FIG. 2 is a view of the electrical circuit breaker with half of an insulating housing removed showing a temperature-sensitive switch mechanism and an insulation-displacement connector assembly.
FIG. 3 is a view similar to FIG. 2 showing the insulation-displacement contact with an actuator in the form of a conductor-driving member removed therefrom.
FIG. 4 is a perspective view of the electrical circuit breaker.
FIG. 5 is a side view of the electrical circuit breaker with part of the insulation housing removed showing the insulation-displacement connector assembly.
FIG. 6 is an exploded perspective view of the electrical circuit breaker and elements of the insulation-displacement connector assembly exploded therefrom.
FIG. 7 is a perspective view of the electrical circuit breaker showing electrical wires positioned in the insulation-displacement connector assembly prior to being electrically connected to the insulation-displacement contact assembly.
FIG. 8 is a view similar to FIG. 7 showing the electrical wires being electrically connected to the insulation-displacement connector assembly.
As shown in FIG. 1, an electrical distribution panel 10 of conventional construction contains rows of electrical circuit breakers 12 mounted therewithin with one of the electrical circuit breakers exploded therefrom. The electrical distribution panel 10 comprises a box configuration, and it is typically mounted onto a wall in a building with electrical supply wires in a conduit (not shown) electrically connected to electrical buses and a ground connection therein. Electrical building wires in conduits are also not shown.
Each of the electrical circuit breakers 12 as best seen in FIGS. 1-3 includes an insulation housing 14 which comprises mating housing members 16, 18 that are substantially mirror images of one another. Housing member 16 will be used to describe the mounting of a temperature-sensitive switch mechanism and an insulation-displacement connector assembly in housing 14.
Housing member 16 has a switch compartment 20 in which a conventional temperature-sensitive switch mechanism 22 is located and an insulation-displacement compartment 24 in which an insulation-displacement connector assembly 26 is located.
The temperature-sensitive switch mechanism 22 that is used in a circuit breaker is made by the Square D Corporation and it includes a dielectric operating member 28 pivotally mounted via pinions 28 a in housing 14 between mating housing members 16, 18; a generally V-shaped lever 30 having a short leg pivotally mounted on an integral pin 32 of housing member 16 and an end of a long leg of lever 30 is engaged with a bight of a bimetallic element 34 pivotally mounted on a U-shaped member 36. A coil spring 38 extends between an inner upper surface 16 a of an upper wall of housing member 16 and an upper end of bimetallic element 34. An upper end of leg 36 a of member 36 is disposed in a recess 16 b in upper surface 16 a of housing member 16 along with an upper end of plate 40 containing an electrical contact 40 a. An electrical wire 42 has one end electrically connected to member 36 and the other end is electrically connected to U-shaped electrical contact 44 that is pivotally mounted on an integral pin 46 of housing member 16. An electrical contact member 44 a on the bight of electrical contact 44 is electrically connectable to an electrical contact member 48 a on a bight of a U-shaped stationary contact 48 mounted in housing member 16. Legs 44 b of contact 44 are engageable with stepped surfaces of respective legs 28 b of operating member 28 which has a projection 28 c disposed in recess 16 c located in the upper wall of housing member 16. Spring contact members 48 b extend from the respective legs of contact 48 through a recess 16 d in a bottom wall of housing member 16. A U-shaped retention member 50 is mounted in housing member 16 with its spring legs 50 a extending through a recess 16 e in the bottom wall of housing member 16. A coil spring 52 has its ends respectively connected to lever 30 and contact 44.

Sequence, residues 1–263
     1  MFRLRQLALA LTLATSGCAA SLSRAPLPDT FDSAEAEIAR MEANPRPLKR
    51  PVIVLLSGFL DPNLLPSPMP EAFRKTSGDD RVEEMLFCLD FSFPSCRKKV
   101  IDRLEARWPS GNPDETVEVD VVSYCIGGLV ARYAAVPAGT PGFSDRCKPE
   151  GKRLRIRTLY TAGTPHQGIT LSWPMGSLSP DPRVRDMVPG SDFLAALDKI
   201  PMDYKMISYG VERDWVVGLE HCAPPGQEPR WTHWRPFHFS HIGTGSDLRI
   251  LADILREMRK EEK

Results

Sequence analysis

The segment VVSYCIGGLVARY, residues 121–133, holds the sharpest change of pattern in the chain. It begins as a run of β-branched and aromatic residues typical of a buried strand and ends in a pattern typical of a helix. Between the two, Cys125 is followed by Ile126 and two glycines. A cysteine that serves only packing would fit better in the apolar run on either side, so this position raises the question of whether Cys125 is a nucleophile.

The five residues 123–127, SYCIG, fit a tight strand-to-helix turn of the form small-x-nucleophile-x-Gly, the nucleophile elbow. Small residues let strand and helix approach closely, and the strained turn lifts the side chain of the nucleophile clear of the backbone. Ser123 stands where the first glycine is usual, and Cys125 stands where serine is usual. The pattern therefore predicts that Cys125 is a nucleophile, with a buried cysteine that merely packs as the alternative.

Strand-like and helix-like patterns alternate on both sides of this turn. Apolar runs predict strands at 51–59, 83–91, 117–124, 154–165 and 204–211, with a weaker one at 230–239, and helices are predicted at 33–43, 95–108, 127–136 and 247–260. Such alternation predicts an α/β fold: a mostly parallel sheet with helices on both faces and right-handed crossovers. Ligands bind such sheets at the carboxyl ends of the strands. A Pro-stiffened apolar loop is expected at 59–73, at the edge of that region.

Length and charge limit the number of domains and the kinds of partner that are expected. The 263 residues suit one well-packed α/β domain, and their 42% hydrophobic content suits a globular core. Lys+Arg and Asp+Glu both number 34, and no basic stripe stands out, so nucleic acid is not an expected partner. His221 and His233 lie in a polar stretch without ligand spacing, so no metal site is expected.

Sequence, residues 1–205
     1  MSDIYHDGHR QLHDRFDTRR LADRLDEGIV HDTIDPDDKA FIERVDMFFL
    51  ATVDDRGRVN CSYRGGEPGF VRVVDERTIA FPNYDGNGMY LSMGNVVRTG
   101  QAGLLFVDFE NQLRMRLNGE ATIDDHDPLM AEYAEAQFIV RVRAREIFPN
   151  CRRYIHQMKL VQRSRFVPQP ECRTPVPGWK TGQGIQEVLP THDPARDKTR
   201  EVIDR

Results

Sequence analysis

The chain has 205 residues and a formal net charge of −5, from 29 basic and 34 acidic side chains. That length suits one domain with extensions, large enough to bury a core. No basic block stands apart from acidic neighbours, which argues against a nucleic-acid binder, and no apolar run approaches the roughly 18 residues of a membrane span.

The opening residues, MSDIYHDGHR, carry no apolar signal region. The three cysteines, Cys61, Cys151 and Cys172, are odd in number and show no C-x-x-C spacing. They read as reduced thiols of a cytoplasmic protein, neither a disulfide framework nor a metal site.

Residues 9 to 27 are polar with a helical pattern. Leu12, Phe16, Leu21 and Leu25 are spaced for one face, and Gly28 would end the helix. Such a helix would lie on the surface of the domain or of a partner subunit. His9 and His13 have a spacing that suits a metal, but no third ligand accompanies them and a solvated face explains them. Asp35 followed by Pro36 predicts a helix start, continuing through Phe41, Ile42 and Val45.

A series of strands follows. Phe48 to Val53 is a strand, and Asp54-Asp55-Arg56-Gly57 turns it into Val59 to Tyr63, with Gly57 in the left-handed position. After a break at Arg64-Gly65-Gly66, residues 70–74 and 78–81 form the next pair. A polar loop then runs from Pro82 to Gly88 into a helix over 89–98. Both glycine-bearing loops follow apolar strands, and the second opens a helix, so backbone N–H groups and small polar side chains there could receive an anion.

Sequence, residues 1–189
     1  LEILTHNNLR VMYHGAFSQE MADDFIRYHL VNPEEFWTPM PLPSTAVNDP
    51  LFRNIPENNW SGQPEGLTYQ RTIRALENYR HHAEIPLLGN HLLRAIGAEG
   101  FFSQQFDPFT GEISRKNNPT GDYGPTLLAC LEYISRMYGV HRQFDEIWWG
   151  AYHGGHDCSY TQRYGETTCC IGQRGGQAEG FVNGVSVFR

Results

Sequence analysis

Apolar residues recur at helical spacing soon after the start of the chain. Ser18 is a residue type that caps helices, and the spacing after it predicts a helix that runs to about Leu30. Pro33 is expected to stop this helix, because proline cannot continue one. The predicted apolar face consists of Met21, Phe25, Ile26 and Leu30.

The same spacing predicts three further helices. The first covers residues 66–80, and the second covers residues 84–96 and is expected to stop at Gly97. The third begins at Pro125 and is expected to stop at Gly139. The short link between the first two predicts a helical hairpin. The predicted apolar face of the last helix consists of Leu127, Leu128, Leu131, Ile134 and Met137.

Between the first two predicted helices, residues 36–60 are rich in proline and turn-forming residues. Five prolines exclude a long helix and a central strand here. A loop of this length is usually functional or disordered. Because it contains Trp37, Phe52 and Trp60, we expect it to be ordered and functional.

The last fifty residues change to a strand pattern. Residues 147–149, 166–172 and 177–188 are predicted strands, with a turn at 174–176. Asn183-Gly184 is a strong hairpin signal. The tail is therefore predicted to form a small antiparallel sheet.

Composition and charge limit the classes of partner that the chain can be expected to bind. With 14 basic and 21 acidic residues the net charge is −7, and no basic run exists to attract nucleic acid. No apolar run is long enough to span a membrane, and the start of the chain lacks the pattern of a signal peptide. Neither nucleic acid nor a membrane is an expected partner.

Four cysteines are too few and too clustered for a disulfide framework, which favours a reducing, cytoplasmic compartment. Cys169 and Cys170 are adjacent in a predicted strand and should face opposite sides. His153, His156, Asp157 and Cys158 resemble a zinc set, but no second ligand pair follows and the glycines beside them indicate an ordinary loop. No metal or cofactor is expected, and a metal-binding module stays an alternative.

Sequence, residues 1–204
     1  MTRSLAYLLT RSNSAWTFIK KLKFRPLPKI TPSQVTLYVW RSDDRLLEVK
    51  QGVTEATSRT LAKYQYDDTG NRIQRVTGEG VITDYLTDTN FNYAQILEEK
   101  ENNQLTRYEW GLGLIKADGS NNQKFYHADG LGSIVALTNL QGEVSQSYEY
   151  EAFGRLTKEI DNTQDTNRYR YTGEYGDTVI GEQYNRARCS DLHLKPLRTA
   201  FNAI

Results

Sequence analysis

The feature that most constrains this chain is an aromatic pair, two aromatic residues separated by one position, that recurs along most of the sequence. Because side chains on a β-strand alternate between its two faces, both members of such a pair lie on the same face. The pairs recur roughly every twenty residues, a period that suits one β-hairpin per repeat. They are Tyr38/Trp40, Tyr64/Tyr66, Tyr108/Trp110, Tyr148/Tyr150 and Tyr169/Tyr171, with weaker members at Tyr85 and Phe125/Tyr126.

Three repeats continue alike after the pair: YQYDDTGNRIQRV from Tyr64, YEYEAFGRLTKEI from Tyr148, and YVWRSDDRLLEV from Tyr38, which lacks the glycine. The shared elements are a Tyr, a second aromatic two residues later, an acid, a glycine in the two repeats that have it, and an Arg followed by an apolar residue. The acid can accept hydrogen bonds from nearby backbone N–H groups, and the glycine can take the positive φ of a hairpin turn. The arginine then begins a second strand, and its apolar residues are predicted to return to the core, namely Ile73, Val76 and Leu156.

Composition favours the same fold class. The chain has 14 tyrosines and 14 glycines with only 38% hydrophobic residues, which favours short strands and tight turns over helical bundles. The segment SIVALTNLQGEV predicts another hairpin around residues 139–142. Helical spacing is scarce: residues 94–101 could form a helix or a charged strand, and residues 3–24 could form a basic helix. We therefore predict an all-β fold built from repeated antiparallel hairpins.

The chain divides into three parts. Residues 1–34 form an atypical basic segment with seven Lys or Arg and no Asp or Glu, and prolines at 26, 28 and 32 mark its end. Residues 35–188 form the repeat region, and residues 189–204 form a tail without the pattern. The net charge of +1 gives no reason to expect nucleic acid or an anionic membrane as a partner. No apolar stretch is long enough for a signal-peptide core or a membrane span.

Operating member 28 can be manually moved between an on and off position by engaging projection 28 c and moving operating member to one or the other positions. As shown in FIGS. 2 and 3, the switch mechanism is in an on position with electrical contact members 44 a, 48 a being in electrical engagement. Movement of the operating member 28 to a position opposite to that shown in FIGS. 2 and 3 will cause pivotable electrical contact 44 to move in a clockwise direction thereby disconnecting contact members 44 a, 48 a from each other.
Circuit breakers 12 are held in position in the distribution panel 10 by spring contact members 48 b of electrical contacts 48 springably and electrically engaging an electrical bus bar (not shown) in the distribution panel, and the legs 50 a of retention members 50 springably engage a retention bar (not shown) in the distribution panel thereby mechanically retaining the circuit breakers in position in the distribution panel.